History and physical examination
A 15-year-old female diagnosed with AIS presented with a progressive curve classified as Lenke type 1A. The right thoracic Cobb angle was 56° (T6-T12), with a nonstructural left lumbar curve of 23° before her initial surgery (Figure 1A). She experienced menarche at age 12. She had an unremarkable past medical and family history and on physical examination, the forward bending test revealed a right thoracic hump. Her neurologic examination was normal. Magnetic resonance imaging and computed tomography (CT) myelogram showed no abnormal findings in her spine.
The patient underwent posterior spinal fusion (T6-L2) and three-level thoracoplasty (9-11th ribs) with 6.3 mm titanium rod and screw and hook instrumentation, sublaminar wiring, and autogenous rib and local bone grafting. The surgery substantially corrected her deformity, leaving her with a right thoracic scoliosis of 24°. She did well after the surgery until she started experiencing pain secondary to prominent implants in the upper thoracic spine one year after surgery. Three years after the initial surgery, at age 18, her back pain had worsened due to metallic prominence, and she wanted to remove her implants. We agreed to remove her implants, because our group had concluded at that time that the spinal implants should be removed after bony fusion to avoid corrosion of the spinal implants . At the time of examination just prior to the planned implant removal, her Cobb angle was noted to have increased 5, to 29° (T6-T12) (Figure 1B).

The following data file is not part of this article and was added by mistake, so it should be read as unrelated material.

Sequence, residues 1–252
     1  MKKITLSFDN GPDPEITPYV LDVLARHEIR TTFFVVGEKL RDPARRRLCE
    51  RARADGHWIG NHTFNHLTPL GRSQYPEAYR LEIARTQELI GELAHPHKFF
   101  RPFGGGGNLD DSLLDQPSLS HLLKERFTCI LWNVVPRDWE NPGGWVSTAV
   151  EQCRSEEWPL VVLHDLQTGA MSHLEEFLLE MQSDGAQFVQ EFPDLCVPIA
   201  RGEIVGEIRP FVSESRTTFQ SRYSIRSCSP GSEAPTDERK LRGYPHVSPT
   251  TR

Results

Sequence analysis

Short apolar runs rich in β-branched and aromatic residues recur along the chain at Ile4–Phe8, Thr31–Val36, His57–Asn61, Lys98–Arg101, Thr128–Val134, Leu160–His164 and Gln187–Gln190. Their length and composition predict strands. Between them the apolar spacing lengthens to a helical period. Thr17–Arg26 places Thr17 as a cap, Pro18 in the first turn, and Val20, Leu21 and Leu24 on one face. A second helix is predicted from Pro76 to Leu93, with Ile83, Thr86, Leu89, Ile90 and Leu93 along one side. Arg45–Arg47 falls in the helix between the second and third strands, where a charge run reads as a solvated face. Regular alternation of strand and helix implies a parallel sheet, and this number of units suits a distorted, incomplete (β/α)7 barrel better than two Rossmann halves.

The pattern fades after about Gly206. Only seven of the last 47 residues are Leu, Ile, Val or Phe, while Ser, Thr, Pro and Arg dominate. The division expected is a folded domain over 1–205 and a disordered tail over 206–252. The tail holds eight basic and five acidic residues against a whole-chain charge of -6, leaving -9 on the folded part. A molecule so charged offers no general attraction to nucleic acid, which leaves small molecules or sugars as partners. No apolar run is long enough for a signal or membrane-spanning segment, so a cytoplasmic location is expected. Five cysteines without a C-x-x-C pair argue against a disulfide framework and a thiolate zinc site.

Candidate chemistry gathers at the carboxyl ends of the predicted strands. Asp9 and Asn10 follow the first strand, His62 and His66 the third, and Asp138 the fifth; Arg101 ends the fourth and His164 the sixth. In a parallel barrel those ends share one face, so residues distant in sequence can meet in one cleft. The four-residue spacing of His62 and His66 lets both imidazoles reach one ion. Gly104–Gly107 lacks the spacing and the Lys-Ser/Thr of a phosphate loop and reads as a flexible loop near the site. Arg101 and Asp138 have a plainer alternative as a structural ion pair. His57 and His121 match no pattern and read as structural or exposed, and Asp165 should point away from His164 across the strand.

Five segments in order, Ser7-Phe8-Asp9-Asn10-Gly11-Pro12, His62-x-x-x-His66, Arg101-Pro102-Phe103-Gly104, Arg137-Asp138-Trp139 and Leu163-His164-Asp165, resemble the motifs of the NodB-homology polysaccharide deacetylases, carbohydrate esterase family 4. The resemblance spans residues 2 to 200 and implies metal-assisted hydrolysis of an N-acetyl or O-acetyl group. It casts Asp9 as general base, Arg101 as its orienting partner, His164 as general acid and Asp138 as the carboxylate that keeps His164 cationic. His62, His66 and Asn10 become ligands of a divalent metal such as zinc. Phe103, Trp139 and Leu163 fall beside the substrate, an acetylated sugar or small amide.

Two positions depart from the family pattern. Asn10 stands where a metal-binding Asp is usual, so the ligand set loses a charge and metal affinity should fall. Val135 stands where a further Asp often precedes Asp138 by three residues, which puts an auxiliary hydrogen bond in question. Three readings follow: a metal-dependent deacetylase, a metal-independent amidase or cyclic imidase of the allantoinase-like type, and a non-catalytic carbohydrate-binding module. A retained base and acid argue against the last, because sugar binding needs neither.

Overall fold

Implant removal was performed, but part of the sublaminar wiring could not be removed due to solid bony union surrounding the wires. Intraoperative exploration of the fusion mass revealed no evidence of pseudarthrosis. One month after removal, her right thoracic curve was 33°, representing an additional 4° loss of correction (Figure 2A). The patient failed to follow up, and we had no further contact with her until she returned for care 18 months after implant removal after noting a recurrence of her deformity.
Comparison of radiographs at that time with radiographs prior to implant removal demonstrated significant progression of her thoracic curve, from 29° to 57°. The kyphosis between T5 and T12 also had increased, from 45° to 62° (Figure 2B). She had no neurologic deficits since the time of the initial instrumentation. On examination, the thoracic curve demonstrated minimal flexibility on preoperative bending films (Figure 3). Preoperative three-dimensional CT scanning revealed partial clefts between T11 and T12, but the CT images were inconclusive as to whether the fusion mass had a complete lack in continuity or non-union (Figure 4). She was assumed to have solid fusions at this time.
During the third operation, the fusion mass was completely exposed and explored (Figure 5). Although no pseudarthrosis had been identified initially, more meticulous exploration using a nibbler and rongeur discovered left partial clefts of the fusion mass at T11–T12 above her previous posterior fusion, though no motion within the fused segments was detected. No other site of possible pseudarthrosis was found. Because of its rigidity, the deformity required Smith-Peterson osteotomy of the fusion mass and revision posterior fusion with instrumentation using 6.3 mm titanium rods at T5-L2. A CT-based navigation system was used to perform the osteotomy and to insert pedicle screws due to the lack of normal anatomical structures. The surgery reduced her scoliosis to 18° (Figure 6).